A better than expected performance in the UK service sector and political rumblings between Rome and Brussels helped boost the pound versus the euro on Wednesday. The pound euro exchange rate rallied to a peak to €1.1308.
|What do these figures mean?|
|When measuring the value of a pair of currencies, one set equals 1 unit and the other shows the current equivalent. As the market moves, the amount will vary from minute to minute. If the euro amount increases in this pairing, it’s positive for the pound. Or, if you were looking at it the other way around:1 EUR = 0.87271 GBPIn this example, €1 is equivalent to approximately £0.87. This measures the euro’s worth versus the British pound. If the sterling number gets larger, it’s good news for the euro.|
The dominant UK service sector performed better than analysts had been expecting in May. The service sector pmi increased to 51, up from 50.4 in April and ahead of the 50.6 that analysts had been expecting. After data earlier in the week showed that UK manufacturing and construction sectors slipped into contraction, investors breathed a sigh of relief over the service sector figures. Particularly given that the service sector accounts for around 80% of economic activity in the UK.
Yet despite service sector activity reaching a three-month high in May, the pace of expansion remains disappointing. Analysts expect the UK economy to remain close to stagnation in the second quarter amid Brexit and fears of a global economic downturn.
There is no high impacting economic data due for release today. Instead investors will be looking ahead to Friday, UK Prime Minister Theresa May’s last day as PM. Traders will prepare themselves for the Tory leadership battle which will continue until the end of July.
In a rare occurrence for the eurozone, data was actually supportive of the euro on Wednesday. However, investors barely responded to the good news, instead fixated by developments between Rome and Brussels.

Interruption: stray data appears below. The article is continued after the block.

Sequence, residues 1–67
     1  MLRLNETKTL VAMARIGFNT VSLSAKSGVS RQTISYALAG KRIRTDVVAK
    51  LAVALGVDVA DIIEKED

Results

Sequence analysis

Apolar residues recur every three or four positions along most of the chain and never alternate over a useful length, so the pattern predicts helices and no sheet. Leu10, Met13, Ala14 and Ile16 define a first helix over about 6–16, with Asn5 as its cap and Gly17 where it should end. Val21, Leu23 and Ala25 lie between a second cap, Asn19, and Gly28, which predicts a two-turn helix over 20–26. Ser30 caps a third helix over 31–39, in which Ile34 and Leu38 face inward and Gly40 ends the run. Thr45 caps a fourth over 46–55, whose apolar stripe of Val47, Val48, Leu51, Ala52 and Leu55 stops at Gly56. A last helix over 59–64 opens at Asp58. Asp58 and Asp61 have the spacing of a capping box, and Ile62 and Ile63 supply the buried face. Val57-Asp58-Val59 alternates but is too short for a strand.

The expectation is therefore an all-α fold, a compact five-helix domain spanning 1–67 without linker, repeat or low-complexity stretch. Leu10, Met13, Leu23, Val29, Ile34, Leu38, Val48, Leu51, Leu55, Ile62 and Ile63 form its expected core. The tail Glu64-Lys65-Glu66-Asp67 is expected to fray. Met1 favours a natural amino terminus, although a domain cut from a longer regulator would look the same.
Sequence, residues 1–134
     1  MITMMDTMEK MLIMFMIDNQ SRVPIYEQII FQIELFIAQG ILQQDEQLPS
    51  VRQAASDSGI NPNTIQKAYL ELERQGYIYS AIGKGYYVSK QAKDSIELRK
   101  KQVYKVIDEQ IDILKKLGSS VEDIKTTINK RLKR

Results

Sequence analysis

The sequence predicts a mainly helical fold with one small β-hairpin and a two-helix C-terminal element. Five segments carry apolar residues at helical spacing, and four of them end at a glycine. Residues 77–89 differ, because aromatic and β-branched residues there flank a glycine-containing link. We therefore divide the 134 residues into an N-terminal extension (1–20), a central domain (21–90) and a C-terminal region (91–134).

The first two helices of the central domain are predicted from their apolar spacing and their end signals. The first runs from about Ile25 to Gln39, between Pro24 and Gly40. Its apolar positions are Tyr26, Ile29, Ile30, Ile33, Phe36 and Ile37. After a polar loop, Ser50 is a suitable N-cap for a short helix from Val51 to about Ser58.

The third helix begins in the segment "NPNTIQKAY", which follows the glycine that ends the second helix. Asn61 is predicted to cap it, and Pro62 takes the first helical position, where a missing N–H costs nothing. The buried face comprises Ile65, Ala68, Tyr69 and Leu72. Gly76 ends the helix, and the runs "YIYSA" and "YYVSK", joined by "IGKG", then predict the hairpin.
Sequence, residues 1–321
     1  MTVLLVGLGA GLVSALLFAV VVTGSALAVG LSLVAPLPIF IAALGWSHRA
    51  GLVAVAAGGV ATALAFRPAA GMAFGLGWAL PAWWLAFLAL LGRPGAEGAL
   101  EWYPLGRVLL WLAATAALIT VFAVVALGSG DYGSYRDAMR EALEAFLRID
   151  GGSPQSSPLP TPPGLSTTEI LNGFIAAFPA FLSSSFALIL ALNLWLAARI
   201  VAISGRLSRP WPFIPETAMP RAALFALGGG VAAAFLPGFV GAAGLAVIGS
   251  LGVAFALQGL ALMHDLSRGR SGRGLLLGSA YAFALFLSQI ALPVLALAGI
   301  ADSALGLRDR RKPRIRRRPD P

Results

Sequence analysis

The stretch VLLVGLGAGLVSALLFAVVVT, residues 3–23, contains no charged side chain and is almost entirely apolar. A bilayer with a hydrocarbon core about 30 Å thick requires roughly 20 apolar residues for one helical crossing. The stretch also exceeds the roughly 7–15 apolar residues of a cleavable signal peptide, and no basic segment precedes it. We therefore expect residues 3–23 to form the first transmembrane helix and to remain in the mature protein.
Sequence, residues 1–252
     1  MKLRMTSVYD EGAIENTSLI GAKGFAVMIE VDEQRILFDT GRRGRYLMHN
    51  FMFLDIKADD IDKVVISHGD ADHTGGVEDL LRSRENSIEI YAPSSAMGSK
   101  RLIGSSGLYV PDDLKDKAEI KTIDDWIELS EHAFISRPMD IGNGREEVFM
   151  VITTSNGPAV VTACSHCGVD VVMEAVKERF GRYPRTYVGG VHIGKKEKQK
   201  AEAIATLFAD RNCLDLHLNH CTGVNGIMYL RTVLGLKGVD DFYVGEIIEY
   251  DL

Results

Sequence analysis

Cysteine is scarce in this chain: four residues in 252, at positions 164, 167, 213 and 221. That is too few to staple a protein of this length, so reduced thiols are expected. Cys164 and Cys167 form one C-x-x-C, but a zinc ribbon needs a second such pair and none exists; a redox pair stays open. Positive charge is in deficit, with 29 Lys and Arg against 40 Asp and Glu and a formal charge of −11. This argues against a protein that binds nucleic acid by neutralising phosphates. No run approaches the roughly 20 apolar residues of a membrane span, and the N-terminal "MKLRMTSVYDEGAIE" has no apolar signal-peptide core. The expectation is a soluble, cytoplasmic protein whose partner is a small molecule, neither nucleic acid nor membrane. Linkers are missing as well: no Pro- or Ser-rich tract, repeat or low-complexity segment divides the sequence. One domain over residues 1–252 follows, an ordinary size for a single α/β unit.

The European Commission took its first steps towards fining Italy over its growing debt pile on Wednesday. The two sides are gearing up for another battle over the Italy’s budget. The EC has started disciplinary proceedings which could lead to a €3.5 billion fine.
The EC also warned that weak economic growth in Italy means the GDP to debt ratio could reach 135% in 2020. The spiralling debt comes at a time when the Italian coalition government is close to collapse. The political instability comes at a time when the country needs stability to guide it out of this growing economic problem.
Today investors will look towards the European Central Bank monetary policy announcement. With consumer spending, manufacturing and inflation dropping lower market participants are expecting President Draghi to remain cautious on the eurozone outlook. Signs that the ECB is adopting a more dovish stance could send the euro lower.
|Why do raised interest rates boost a currency’s value?|
|Interest rates are key to understanding exchange rate movements. Those who have large sums of money to invest want the highest return on their investments. Higher interest rate environments tend to offer higher yields. So, if the interest rate or at least the interest rate expectation of a country is relatively higher compared to another, then it attracts more foreign capital investment. Large corporations and investors need local currency to invest. More local currency used then boosts the demand of that currency, pushing the value higher.|
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